President Paul Kagame was appointed Vice President and Minister for Defence on 19 July 1994, immediately after the end of the war and the Rwanda genocide. When President Pasteur Bizimungu resigned in 2000, Kagame was elected by the Transitional National Assembly to replace him. Three years later, in 2003, Kagame was elected president and has been president of Rwanda for over two decades. He has, therefore, risen to higher levels of decision-making over three decades, a sufficient period of time during which to oversee the implementation of policies he thought would advance the betterment of Rwandans. Kagame should, therefore, consider letting another willing and capable Rwandan build upon his achievements and continue to advance Rwanda’s interests. Indeed, under Kagame’s leadership, Rwanda has made some achievements but there are also shortcomings.
First, from a war-torn country, Rwanda has emerged to become a state with well-defined and functioning structures and institutions supported by fairly clear legislations. In my opinion, this has been achieved thanks to Kagame’s administration’s commitment to bring about change in Rwanda manifested immediately after the end of the war and the genocide against the Tutsi.
Second, Rwanda has also made some economic gains even though these can be challenged in many aspects. In 2000, Kagame made a pledge to transform Rwanda from a low- to a middle-income country driven by a knowledge economy by 2020. Since then, the Rwandan economy has grown significantly and its GDP per capita has increased from USD304 in 1995 to USD940 in 2022. The country’s human development index has soared and Rwanda has been recognised by the World Health Organization as one of the countries that are performing well on the goal of achieving universal health coverage. The country’s life expectancy has increased significantly, from 47 years in 2000 to 67 years in 2020. Moreover, according to UNICEF, the government has made some improvements in expanding education for all across Rwanda.
Lastly, through a meticulously executed campaign of communication, compelling narratives have been disseminated across the world that speak well of Rwanda. This along with the country’s commitment to deploy its soldiers to multinational peacekeeping missions across the world (Rwanda ranks fourth on the list of countries that contribute in peacekeeping in the world) has enabled Rwanda to strengthen its foreign relations with other countries and project its image as a development success story.
There are certainly more achievements that President Kagame has made during his 30 years in leadership that his replacement can learn from and retain to move Rwanda forward. However there are shortcomings. Kagame managed to put the country back on the world map but failed to create an environment for the country’s citizens to exercise their fundamental rights and freedoms.
Upon taking power following a military victory, his political party, the Rwandan Patriotic Front (RPF), pledged a consensual democracy to Rwandans. But over time this democracy has transformed into a political system that suppresses political dissent, restricts pluralism and curtails liberty in Rwanda. Most affected are those who dare or are perceived to challenge his government’s narrative in Rwanda and abroad. In many instances, Kagame’s government has abused its power, colluding with the judicial system to criminalise his critics. As a result, Rwanda has repeatedly been categorised as not a free country by Freedom House.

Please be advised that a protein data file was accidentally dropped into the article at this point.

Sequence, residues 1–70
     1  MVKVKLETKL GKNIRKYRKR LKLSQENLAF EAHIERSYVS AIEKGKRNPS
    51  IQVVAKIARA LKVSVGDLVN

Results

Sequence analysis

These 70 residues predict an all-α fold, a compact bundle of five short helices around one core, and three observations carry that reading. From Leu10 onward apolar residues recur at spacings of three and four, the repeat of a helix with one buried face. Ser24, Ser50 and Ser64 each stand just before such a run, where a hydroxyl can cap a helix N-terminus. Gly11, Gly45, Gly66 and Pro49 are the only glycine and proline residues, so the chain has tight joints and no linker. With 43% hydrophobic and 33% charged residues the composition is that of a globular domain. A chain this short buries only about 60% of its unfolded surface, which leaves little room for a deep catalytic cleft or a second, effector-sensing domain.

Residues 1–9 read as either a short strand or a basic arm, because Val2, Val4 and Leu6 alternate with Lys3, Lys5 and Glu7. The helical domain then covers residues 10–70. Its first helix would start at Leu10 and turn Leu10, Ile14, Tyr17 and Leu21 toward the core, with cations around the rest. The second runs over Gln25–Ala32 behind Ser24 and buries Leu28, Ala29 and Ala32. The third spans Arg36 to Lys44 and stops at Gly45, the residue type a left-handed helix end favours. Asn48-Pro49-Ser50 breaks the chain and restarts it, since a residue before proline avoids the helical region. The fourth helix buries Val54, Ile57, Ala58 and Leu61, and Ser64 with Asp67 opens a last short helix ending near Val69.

This has led to independent and inter-governmental human rights organisations and representatives of developed countries that financially support Rwanda to publicly criticise his leadership for lack of political inclusion, human rights violations and the overall democracy deficit in Rwanda. This situation continues to tarnish Rwanda’s reputation that Kagame’s leadership has been working hard to restore.
Furthermore, independent reports on the development of democracy and governance throughout the world – and in Africa in particular – all point out that citizen participation in Rwanda remains limited, as do local NGOs.
Political participation in Rwanda is limited only to those who adhere or are willing to be affiliated to his political party, the RPF. This has prevented the emergence of a genuine opposition that could have provided checks and balances across institutions in Rwanda. The repercussions are that lack of accountability within public institutions is rampant and Kagame has many times publicly criticised officials in his administration for not delivering as they should. In fact, the pledge he made in 2000 to transform Rwanda into a middle-income country driven by a knowledge economy has not materialised and Rwanda remains a low-income country to date.
Failure to effectively engage citizens in decision-making has also resulted in the implementation of development policies that do not meet the immediate needs of the population. Hence, the economic gains made by Kagame’s administration can be challenged in many aspects as previously pointed out. For instance, substantial public funds have been invested in the development of the Meetings, Incentives, Conferences, and Exhibitions (MICE) sector while less has been allocated to education, agriculture, and rural infrastructure development. Thus, despite remarkable economic growth and a significant improvement in the human development index registered by Rwanda since 1994, these achievements are tarnished by high inequalities in income, health and education. Furthermore, they are characterised by economic injustices such as unfair land expropriation and the uprooting of farmers’ crops. Rwanda’s human capital development remains below the average for African countries due to a lack of quality education and high levels of malnutrition among children below five years. Only 41 per cent of households in Rwanda are considered to be substantially food secure. The private sector’s contribution to growth has remained small and growth is predominantly led by state-owned enterprises and those belonging to the ruling party. Overall, Rwandans have been consecutively ranked among the bottom five least happy populations on the global happiness index.